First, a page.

The Secret of Maintaining Your Fiber Optic Network
Why do you need a fiber identifier and what can it do for you?
If you have ever seen a telephone company technician working on the phone jump box
outside your house, you should have noticed a special handheld phone like instrument. The
technician uses it to identify the incoming telephone wires by tapping onto the wires and
listening for a tone. Once he finds the correct wire, he connects the wire into your house.
During fiber optic network installation, maintenance, or restoration, it is also often
necessary to identify a specific fiber without disrupting live service. This battery
powered instrument looks like a long handheld bar and is called fiber identifier or live
How does it work?
There is a slot on the top of a fiber optic identifier. The fiber under test is
inserted into the slot, then the fiber identifier performs a macro-bend on the fiber. The
macro-bend makes some light leak out from the fiber and the optical sensor detects it. The
detector can detect both the presence of light and the direction of light.
A fiber optic identifier can detect "no signal", "tone" or "traffic" and it also
indicates the traffic direction.
The optical signal loss induced by this technique is so small, usually at 1dB level,
that it doesn't cause any trouble on the live traffic.
What kind of fiber cables does it support?
Fiber optic identifiers can detect 250um bare fibers, 900um tight buffered fibers,
2.0mm fiber cables, 3.0mm fiber cables, bare fiber ribbons and jacketed fiber ribbons.
Most fiber identifiers need to change a head adapter in order to support all these
kinds of fibers and cables. While some other models are cleverly designed and they don't
need to change the head adapter at all. Some models only support single mode fibers and
others can support both single mode and multimode fibers.
What is relative power measurement
Most high end fiber optic identifiers are equipped with a LCD display which can display
the optical power detected. However, this power measurement cannot be used as a accurate
absolute power measurement of the optical signal due to inconsistencies in fiber optic
cables and the impact of user technique on the measurements.
But this power measurement can be used to compare power levels on different fiber links
which have same type of fiber optic cable. This relative power measurement has a lot of
applications as described below.
1. Identification of fibers
The relative power reading can be used to aid in the identification of a live optical
fiber.There are several tests that can be performed to isolate the desired fiber cable
from a group of fibers without taking down the link(s). Three methods that could be used
include comparing relative power, inducing macrobends, and varying the optical power of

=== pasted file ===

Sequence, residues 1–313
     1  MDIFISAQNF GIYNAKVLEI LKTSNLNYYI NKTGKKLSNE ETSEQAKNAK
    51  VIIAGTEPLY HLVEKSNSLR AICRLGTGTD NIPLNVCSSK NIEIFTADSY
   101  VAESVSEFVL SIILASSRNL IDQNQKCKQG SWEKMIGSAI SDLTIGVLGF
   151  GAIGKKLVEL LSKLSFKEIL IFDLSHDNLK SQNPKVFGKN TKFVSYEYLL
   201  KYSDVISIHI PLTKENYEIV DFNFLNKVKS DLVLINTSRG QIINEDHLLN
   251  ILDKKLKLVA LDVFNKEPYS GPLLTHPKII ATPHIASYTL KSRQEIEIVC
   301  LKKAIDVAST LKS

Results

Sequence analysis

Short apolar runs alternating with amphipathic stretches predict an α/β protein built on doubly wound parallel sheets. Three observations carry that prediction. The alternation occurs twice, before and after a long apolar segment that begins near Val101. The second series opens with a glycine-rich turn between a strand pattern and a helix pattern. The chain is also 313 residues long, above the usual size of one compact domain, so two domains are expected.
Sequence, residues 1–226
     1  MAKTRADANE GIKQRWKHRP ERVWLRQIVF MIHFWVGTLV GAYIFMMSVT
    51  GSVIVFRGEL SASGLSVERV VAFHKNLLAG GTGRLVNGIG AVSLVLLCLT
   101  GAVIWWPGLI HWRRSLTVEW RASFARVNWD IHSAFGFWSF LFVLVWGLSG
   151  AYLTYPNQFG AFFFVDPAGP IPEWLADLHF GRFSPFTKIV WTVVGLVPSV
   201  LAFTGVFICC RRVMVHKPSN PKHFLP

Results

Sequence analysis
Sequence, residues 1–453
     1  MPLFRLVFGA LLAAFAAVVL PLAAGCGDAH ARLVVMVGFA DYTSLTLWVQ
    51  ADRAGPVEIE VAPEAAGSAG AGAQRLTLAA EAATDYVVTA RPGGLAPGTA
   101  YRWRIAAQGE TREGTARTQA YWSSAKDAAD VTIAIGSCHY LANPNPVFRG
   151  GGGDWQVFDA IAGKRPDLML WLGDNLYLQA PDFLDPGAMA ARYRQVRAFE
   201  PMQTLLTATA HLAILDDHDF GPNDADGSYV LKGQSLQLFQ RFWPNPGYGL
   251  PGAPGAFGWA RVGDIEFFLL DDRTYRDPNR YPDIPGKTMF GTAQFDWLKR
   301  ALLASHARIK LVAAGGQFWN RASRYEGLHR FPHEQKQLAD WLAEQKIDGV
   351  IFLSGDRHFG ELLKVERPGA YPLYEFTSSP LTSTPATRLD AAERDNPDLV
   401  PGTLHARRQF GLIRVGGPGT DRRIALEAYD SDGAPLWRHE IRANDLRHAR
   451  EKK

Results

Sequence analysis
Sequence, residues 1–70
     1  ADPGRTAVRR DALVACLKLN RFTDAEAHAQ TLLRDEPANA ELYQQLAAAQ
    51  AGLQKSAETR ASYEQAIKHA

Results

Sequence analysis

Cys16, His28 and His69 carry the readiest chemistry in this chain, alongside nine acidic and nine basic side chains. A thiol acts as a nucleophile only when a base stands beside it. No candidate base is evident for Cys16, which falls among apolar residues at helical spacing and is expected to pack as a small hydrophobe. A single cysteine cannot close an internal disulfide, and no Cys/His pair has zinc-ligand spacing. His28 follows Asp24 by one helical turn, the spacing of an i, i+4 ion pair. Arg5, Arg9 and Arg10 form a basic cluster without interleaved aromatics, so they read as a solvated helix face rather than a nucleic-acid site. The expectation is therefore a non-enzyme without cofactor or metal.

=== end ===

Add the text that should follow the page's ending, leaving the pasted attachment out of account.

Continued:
the source. No single method is best or necessarily definitive. Using one or a combination
of these methods may be needed to isolate the fiber.
2. Identification of high loss points
Fiber optic identifier's relative power measurement capability can be used to identify
high loss point(s) in a length of fiber. By taking relative power measurements along a
section of optical fiber that is suspected of having a high loss point such as a fracture
or tight bend, the change in relative power point to point can be noted. If a sudden drop
or increase in relative power between two points is noted, a high loss point probably
exists between the two points. The user can then narrow in on the point by taking further
measurements between the two points.
3. Verify optical splices and connectors
Fiber optic identifier can be used to verify fiber optic connectors and splices. This
test must be performed on a lit optical fiber. The optical fiber can be carrying a signal
or be illuminated using an optical test source. Attach fiber identifier to one side of the
optical connector/splice. Read and record the relative optical power. Repeat the
measurement on the second side of the connector/splice. Take the difference between the
reading on the second side and the first side. The difference should be roughly equal to
the optical attenuation of the optical connector/splice. The measurement can be taken
several times and averaged to improve accuracy. If the optical fiber identifier indicates
high loss, the connector/slice may be defective.
Manufactures supplying fiber optic identifiers
You can get fiber optic identifiers from Wilcom, Ideal, 3M, Fitel, Noyes and many more
manufacturers. We prefer Wilcom and Fitel products since both manufacturers have very high
customer satisfaction rate.
Find out even more about
fiber identifiers and
fiber optic identifiers
on Fiber Optics For Sale Co. web site.
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• The Complete Guide to Fiber Optic Connectors
• The Difference Between a Hub and a Router
• Network Topologies
• Data Center Management Best Practices
• The Secret of Maintaining Your Fiber Optic Network
• The IEEE 802.3 Ethernet Standards
• A Guide to Broadband Internet Connections
• Trunking, Bonding, Aggregation; What Does it Mean?
• What is an Ethernet Switch?